MINNEAPOLIS — Minneapolis Mayor Jacob Frey announced Wednesday the final candidates for the city's Chief of Police.
The search committee picked three candidates from outside the department. Interim MPD Chief Amelia Huffman was not recommended.
The candidates are Elvin Barren, Dr. RaShall Brackney and Brian O'Hara.
"We are thrilled to have recruited three national caliber candidates, and I look forward to meeting with each one to ultimately choose our next Police Chief," said Mayor Frey in a news release. "This is among the most consequential hires I will make as mayor. Our residents deserve a candidate who will both lead MPD with the courage of their convictions and build trust in our city. I'm grateful to the search committee for their time and dedication in reviewing and recommending these finalists and to Interim Chief Huffman for her excellent leadership over the past 10 months. She has enacted impactful policy reforms, collaborated effectively with department heads across City Hall, and accelerated the pace of change during this critical time."
In March, Mayor Frey launched a national search for a new chief. Later that spring, five listening sessions were held across all five Minneapolis Police precincts following the retirement of former Chief Medaria Arradondo.
The City of Minneapolis provided the candidate's background in their Wednesday news release:
Elvin Barren is currently the Chief of Police for the City of Southfield (MI). Prior to that, Chief Barren served 21 years with the Detroit Police Department and retired from the Detroit Police Department as a Deputy Chief. His responsibilities included five precincts, the Downtown Services Division, and eight specialized units (SWAT, Bomb Squad, K-9, Air Support, Harbor Master, Traffic Enforcement, Tactical Response Unit, and City-Wide Parks Detail). As the Chief of Police for the City of Southfield, Chief Barren has instituted a variety of new initiatives and policy revisions. The current Use of Force policy is now in compliance with National Best Practices in Policing. Chief Barren is also a veteran of the United States Navy, serving eight years as an Operations Specialist.
Dr. RaShall Brackney currently serves as a Distinguished Visiting Professor of Practice at George Mason University. Previously, Dr. Brackney served as the Chief of Police for Charlottesville (VA) and George Washington University. Dr. Brackney retired as a Commander from the Pittsburgh Bureau of Police after serving for more than 30 years. During her tenure as a law enforcement professional in Pittsburgh, she was responsible for overseeing critical operations such as Special Operations, SWAT, Mounted Patrol, Hostage Negotiations, Crime Analysis, the Training Academy, Patrol Operations and Major Crimes. Dr. Brackney is a recognized expert in restorative and procedural justice practices in policing, community violence exposure, and reducing community trauma through relational policing.
Brian O’Hara currently serves as the Deputy Mayor of the City of Newark (NJ). In 2001, Deputy Mayor O’Hara joined the Newark Police Department as a police officer, rising through the ranks to become a captain in 2016. In 2021, he was appointed as the Public Safety Director for Newark overseeing more than 1,960 employees, comprising 996 sworn police officers, 611 firefighters, and 346 civilian employees, and a budget that exceeded $200 million. In that role, Deputy Mayor O’Hara enhanced the collaborative working relationships among federal, state, and local partners, including the U.S. Attorney’s Office, the Newark Police Department, the Essex County Prosecutor’s Office, the FBI, the Drug Enforcement Administration, the Bureau of Alcohol, Tobacco, Firearms and Explosives, the New Jersey State Police, the New Jersey Attorney General’s Office, the New Jersey Office of Homeland Security & Preparedness, and numerous other state and local agencies and police departments.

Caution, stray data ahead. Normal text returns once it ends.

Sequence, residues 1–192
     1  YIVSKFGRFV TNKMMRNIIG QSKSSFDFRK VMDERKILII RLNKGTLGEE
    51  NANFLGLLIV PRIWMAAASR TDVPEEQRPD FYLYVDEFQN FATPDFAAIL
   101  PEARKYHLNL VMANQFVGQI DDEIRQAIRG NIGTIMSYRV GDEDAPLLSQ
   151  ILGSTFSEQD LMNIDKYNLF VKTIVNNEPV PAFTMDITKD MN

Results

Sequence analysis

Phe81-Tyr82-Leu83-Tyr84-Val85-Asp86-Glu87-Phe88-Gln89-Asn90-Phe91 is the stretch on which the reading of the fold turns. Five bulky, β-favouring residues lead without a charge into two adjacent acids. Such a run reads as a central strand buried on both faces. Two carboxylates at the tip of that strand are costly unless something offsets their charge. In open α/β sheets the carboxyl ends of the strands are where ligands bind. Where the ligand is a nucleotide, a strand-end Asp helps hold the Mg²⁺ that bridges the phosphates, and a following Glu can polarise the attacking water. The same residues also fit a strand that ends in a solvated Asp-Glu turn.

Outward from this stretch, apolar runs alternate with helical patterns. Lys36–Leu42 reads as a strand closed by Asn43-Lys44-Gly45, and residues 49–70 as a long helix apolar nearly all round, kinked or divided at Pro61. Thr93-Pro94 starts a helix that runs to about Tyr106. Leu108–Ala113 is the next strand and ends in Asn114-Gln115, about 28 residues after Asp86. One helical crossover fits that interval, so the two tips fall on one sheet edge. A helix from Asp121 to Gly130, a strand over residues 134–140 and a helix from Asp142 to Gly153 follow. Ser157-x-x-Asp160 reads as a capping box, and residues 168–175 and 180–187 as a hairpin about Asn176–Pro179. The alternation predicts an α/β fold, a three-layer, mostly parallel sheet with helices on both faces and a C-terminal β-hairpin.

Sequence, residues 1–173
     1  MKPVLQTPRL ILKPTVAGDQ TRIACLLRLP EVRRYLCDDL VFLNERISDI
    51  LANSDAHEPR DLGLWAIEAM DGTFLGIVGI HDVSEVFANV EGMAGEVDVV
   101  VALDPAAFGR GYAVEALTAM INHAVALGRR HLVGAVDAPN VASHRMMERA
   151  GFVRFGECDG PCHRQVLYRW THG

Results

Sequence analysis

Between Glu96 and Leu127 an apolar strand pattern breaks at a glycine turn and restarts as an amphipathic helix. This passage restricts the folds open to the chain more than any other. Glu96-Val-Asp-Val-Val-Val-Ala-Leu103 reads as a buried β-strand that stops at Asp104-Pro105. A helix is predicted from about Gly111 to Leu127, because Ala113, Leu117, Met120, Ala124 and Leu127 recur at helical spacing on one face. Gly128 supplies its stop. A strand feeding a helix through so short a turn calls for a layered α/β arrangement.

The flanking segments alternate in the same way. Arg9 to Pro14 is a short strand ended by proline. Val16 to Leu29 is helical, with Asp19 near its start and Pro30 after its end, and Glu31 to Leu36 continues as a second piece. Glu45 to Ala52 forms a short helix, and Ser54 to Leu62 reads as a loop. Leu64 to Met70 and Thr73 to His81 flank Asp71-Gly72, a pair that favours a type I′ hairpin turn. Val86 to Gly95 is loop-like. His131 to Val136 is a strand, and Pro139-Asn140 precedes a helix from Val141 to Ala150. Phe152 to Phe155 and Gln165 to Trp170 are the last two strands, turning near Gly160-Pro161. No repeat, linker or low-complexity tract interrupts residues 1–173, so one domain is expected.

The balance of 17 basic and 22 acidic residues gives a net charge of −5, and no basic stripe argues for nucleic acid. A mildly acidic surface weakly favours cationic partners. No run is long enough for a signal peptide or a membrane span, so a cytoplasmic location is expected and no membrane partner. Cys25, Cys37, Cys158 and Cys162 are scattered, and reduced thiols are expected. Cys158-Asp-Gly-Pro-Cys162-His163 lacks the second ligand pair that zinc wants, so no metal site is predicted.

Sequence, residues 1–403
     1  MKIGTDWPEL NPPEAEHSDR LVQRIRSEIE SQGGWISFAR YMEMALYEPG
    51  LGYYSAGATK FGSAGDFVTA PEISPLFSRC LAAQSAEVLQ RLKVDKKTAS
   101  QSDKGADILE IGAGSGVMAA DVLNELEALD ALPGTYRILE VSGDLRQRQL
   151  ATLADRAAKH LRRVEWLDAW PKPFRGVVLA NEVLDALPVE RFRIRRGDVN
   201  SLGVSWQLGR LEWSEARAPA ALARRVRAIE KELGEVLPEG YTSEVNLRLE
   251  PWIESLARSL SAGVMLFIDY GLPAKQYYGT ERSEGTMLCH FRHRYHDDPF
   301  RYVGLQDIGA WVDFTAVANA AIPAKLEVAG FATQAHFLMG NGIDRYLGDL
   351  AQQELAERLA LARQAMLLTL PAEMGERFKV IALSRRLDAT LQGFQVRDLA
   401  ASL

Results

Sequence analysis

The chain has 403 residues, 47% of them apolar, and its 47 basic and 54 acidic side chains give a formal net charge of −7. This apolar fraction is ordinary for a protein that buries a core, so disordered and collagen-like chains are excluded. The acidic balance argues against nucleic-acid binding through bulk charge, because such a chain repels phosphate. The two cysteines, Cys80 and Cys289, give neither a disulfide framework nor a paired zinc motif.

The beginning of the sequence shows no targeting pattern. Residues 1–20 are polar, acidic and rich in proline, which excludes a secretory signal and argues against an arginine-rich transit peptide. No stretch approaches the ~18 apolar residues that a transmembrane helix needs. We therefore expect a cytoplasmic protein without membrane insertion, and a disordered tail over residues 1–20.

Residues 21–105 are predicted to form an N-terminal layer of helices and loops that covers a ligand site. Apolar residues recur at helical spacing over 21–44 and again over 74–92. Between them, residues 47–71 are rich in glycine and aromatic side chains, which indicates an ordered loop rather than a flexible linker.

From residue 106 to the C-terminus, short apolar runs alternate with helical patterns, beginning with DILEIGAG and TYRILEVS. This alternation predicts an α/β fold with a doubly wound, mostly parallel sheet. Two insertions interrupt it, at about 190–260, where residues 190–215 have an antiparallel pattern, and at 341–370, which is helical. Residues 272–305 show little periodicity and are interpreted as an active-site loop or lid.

Mayor Frey and Minneapolis' first Community Safety Commissioner Cedric Alexander will interview the candidates before the mayor's final decision, "which will occur in the coming weeks."
The mayor's nomination will then go to the Minneapolis City Council for approval.
Council President Andrea Jenkins told KARE 11 that the process is likely to take several weeks, but should certainly conclude by the end of the year. Jenkins also sat on a 12-member police chief search committee.
Jenkins said that an outside recruiting firm advanced 16 applicants to her search committee. Then, she said the committee chose to interview about eight or nine of those candidates, before recommending the list of finalists to Mayor Frey.
"These three really outshined the rest of the field," Jenkins said. "We need a change agent in Minneapolis."
All three candidates have worked in departments that have experienced consent decrees, basically court-enforced mandates to guide policing practices. These are likely to come to Minneapolis soon, as a result of either a state investigation, federal Department of Justice investigation, or both.
"I personally think that's an important attribute to bring to this new role," Jenkins said. "We need a nimble chief that understands that process, that work, and to be engaged in that."